The beginning of the presse release received today by CosmeticsOBS has all of a birth announcement: “The founders of COSMOS-Standard AISBL, the International non-profit Association whose object is to offer an internationally recognized standard for organic and natural cosmetics, are pleased to announce the opening of application processes for the Cosmos-standard. This will concern certification to the new standard and membership of Cosmos-standard AISBL”.
Clearly, this is it: the first certifications meeting this new standard can start, manufacturers that already meet the new criteria requirement will be able to undertake the action to affix the label to their products.
What is COSMOS-Standard?
This is the result of long negotiations among key stakeholders in the natural and organic cosmetic industry in Europe. Begun in 2002, headed the German BDIH, French Association Cosmébio, Ecocert, Italian ICEA and the British Soil Association, it has finally come to give birth to a new standard dated January 31, 2011.
What is going to change for the manufacturers?
For now, not much. If they are already part of a national association (such as Cosmébio in France) and their products are conform to the new standard, they may seek to benefit through their national bodies… which are still predominant in the new device.
Five certification bodies are already approved for this purpose: BDIH, Ecocert Greenlife, ICEA, Qualité France and Soil Association Certification Ltd. A certification process is scheduled for “soon” for new certification bodies wishing to certify as COSMOS-Standard.
What is going to changes on the labels of our products?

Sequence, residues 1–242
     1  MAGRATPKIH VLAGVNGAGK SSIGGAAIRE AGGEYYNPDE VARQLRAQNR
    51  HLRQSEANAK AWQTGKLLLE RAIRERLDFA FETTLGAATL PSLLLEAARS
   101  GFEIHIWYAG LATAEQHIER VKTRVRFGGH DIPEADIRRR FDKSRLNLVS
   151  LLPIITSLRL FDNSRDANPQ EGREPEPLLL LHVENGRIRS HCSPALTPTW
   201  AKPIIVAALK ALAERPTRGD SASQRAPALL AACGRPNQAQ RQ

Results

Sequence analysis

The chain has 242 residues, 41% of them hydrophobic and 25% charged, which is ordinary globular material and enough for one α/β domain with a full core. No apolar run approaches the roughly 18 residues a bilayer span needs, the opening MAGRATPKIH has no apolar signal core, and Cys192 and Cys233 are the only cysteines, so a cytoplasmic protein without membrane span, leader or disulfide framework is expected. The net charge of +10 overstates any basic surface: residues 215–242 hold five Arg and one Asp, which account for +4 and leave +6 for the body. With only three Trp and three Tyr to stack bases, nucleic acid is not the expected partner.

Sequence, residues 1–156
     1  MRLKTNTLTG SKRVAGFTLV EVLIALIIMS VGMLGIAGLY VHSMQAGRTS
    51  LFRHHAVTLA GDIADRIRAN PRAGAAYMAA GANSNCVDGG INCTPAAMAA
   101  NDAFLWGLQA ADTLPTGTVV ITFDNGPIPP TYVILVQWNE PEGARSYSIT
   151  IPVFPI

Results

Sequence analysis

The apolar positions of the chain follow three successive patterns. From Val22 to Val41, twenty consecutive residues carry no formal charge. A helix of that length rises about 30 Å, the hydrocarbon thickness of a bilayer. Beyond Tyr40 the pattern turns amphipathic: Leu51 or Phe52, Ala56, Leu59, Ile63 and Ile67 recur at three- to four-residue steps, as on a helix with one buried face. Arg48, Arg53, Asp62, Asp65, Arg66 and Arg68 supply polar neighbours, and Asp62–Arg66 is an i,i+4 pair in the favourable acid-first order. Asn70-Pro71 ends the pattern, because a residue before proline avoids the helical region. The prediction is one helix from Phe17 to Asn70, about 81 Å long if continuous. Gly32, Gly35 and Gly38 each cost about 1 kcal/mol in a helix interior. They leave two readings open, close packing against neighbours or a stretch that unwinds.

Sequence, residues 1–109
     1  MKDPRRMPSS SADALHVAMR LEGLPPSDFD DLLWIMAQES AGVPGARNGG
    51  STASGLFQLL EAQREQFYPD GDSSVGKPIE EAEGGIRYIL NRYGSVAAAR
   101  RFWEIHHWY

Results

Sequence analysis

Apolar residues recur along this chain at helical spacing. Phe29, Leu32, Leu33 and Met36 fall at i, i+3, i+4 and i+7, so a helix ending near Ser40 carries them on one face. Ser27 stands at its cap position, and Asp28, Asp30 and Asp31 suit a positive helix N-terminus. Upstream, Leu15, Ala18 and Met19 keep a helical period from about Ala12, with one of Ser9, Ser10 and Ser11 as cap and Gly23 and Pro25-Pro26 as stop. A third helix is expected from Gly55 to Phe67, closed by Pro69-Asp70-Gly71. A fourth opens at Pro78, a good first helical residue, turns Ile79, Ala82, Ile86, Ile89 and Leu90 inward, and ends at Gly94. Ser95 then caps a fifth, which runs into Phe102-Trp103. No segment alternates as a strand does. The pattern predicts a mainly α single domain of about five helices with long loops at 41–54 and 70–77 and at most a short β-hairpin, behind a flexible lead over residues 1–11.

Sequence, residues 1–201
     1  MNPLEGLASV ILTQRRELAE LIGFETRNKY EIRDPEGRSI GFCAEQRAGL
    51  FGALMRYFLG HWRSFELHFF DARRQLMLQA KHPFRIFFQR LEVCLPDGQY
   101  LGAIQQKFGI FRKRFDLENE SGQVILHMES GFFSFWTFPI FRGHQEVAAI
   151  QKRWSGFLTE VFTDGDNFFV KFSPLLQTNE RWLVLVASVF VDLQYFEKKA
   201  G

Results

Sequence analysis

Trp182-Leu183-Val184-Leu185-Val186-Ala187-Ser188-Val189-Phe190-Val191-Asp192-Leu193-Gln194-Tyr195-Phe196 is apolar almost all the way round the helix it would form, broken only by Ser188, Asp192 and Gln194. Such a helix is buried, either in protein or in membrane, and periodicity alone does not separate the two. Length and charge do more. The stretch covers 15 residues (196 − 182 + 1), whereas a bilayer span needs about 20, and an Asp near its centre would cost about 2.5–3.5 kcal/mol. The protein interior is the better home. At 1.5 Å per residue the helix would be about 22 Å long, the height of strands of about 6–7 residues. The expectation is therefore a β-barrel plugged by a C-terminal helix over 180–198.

Not much either, actually. The national logos will remain, only supplemented by a mention “COSMOS Organic” or “COSMOS Natural” depending on level of certification.
What is going to change in our products?
The COSMOS-Standard has always been intended to raise the bar in relation to existing national standards.
It begins on a general precautionary principle, stating that “When there is scientific evidence that an ingredient, technology or process could pose a health or environmental risk, then the precautionary principle will be applied and it will not be allowed.” Nanomaterials are thus prohibited, along with GMOs, irradiation processes…
To calculate the percentages of organic ingredients in the product, the COSMOS-Standard defines five categories (Water, Minerals and ingredients of mineral origin, Physically processed agro-ingredients, Chemically processed agro-ingredients, Other ingredients), each of which are subject to specific requirements.
A cosmetic may be certified “Organic” if it consists of at least 95% of physically processed agro-ingredients, 20% of the finished product to be derived from organic agriculture (except for certain products such as shampoos or shower gels or those composed of at least 80% of ingredients of mineral origin for which the bar remains at 10%).
No requirement in terms of minimum percentages of organic ingredients is required to be certified “Natural”.
So here we go for a unique and universal organic label?
We hoped so. But not to mention with some conflicts of interest that led to the creation and distribution of the label NaTrue… and with a few working groups which have set up here and there in order to create recognized rules or standards at international level.
So, it’s certainly not quite finished to talk about the standardization of organic labels…